Salmon-pink in the glass—the color of summer refreshment. These Gamay grapes come from a small vineyard in the cool Yakima Valley, planted by a French grower who missed his native grapes, and the expression is a classic mix of red berry fruit and chalk minerality. Strawberries, raspberries, and refreshing watermelon on the nose. The palate is lean and crisp, with racy lemon-lime acidity and a strong mineral backbone throughout. The perfect seaside sipper, or pair with all manner of fresh summer salads and seafood.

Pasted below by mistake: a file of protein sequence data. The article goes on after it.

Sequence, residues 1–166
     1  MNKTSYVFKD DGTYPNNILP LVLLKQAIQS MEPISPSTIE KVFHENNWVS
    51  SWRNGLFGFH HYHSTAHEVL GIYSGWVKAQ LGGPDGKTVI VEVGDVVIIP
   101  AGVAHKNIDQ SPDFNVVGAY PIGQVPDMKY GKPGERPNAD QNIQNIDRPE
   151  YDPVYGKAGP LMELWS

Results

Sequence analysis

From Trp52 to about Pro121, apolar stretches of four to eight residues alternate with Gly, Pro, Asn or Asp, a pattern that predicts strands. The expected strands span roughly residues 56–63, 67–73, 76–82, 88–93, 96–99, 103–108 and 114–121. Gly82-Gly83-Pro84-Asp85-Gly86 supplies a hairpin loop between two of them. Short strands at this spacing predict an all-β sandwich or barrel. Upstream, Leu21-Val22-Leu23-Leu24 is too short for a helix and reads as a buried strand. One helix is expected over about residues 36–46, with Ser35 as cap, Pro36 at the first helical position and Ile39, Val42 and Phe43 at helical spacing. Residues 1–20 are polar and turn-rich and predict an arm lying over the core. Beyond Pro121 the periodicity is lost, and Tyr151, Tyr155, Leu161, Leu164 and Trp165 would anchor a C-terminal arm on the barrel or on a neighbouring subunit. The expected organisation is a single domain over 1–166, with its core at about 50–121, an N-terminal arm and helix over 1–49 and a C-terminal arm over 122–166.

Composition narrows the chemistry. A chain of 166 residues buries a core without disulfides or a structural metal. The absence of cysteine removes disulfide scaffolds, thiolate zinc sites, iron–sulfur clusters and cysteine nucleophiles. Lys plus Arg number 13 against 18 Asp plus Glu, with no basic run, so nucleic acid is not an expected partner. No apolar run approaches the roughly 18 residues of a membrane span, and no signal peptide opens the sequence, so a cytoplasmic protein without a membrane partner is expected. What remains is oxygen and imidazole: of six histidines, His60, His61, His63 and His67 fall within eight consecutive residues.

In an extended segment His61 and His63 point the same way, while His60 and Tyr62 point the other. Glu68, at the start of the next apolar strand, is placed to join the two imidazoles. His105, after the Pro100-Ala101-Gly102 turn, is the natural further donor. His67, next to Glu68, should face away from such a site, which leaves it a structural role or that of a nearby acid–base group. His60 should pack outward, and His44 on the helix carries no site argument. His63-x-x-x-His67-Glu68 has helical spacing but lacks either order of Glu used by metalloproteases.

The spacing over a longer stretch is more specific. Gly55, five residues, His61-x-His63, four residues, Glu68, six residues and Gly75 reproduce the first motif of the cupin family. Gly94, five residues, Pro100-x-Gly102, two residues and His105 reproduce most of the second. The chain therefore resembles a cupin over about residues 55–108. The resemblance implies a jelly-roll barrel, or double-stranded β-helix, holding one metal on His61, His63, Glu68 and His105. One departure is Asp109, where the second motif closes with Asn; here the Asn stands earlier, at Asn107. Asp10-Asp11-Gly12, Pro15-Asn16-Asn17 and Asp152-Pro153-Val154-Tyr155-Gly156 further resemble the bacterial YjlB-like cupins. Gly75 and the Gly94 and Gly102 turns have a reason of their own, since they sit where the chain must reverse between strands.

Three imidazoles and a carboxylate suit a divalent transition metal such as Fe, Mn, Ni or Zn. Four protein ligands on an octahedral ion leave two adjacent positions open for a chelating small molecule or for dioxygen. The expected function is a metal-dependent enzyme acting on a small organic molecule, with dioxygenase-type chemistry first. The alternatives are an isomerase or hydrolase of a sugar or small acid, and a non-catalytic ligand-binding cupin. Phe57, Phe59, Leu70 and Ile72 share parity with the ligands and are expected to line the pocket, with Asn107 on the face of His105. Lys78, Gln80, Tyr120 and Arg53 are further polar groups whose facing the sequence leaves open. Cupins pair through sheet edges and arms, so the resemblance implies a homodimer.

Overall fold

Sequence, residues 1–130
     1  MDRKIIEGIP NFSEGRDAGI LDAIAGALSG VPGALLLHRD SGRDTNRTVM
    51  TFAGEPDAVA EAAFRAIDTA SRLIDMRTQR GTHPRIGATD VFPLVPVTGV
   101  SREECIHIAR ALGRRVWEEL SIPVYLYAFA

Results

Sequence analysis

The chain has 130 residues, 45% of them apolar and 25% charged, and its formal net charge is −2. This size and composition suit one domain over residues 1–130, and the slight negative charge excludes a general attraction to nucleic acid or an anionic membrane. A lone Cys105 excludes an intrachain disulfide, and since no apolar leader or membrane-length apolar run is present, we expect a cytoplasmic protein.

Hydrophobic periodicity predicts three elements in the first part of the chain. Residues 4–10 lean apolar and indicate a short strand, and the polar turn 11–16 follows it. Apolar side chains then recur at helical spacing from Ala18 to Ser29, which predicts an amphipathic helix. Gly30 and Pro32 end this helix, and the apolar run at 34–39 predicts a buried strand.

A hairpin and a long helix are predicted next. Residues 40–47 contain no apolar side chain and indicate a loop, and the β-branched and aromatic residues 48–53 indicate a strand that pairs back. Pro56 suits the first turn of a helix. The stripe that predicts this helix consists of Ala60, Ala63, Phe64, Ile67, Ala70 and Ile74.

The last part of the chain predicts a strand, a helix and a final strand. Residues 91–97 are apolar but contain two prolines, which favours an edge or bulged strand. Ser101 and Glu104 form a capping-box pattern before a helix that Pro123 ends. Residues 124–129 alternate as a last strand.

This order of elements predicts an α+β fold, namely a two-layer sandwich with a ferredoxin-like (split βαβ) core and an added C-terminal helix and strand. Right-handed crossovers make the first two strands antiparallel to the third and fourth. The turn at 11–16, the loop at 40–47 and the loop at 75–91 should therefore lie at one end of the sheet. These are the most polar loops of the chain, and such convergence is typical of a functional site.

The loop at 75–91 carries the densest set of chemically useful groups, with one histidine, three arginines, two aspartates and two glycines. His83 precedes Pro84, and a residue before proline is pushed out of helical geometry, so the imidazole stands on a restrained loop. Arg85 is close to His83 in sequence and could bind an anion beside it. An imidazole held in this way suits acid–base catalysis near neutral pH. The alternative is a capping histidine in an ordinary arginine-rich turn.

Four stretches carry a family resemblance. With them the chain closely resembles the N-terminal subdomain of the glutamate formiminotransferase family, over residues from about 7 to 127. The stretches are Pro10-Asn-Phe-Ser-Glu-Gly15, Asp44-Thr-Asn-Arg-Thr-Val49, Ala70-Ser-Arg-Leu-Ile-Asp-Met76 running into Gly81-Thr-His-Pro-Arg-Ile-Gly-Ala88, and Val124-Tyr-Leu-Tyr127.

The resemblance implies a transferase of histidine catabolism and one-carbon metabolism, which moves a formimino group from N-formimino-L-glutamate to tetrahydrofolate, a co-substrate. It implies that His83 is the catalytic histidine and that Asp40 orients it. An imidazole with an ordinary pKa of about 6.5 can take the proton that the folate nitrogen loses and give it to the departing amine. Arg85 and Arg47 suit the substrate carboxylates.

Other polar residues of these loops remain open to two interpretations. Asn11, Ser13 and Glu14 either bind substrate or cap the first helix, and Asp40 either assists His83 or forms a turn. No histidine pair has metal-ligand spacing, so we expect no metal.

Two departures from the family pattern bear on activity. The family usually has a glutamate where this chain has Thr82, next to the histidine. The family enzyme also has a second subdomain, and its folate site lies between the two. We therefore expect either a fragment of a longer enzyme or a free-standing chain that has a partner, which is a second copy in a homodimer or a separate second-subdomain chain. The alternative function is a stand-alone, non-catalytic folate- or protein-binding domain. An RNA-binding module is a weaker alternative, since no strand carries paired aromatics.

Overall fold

Founded in 2010, Division Wine Co. was one of the first true “urban” wineries to open its doors in the US. Their vision for producing Old-World-style wines within Portland’s city limits was an indication of things to come; today, urban wineries (often housed in garages or shared warehouse spaces) are a growing trend in American wine production, as more young winemakers cut down on the cost of starting their businesses by avoiding buying up prime real estate in their respective regions. Instead, more effort is spent sourcing grapes from respected farmers, finding forgotten vineyards of rare varieties, and focusing on unique expressions of the local terroir. Division winemakers Kate Norris and Thomas Monroe find inspiration in the classic wines of France, and their Division-Villages label—named for theVillages category of French wines that are generally considered the entry-level versions of higher-end regions—is meant to be the everyday answer to their Division and Gamine label wines, but only in their approachable expression—Norris and Monroe are committed to low-impact, non-interventionist winemaking and apply a slow approach in the cellar to all of their wines.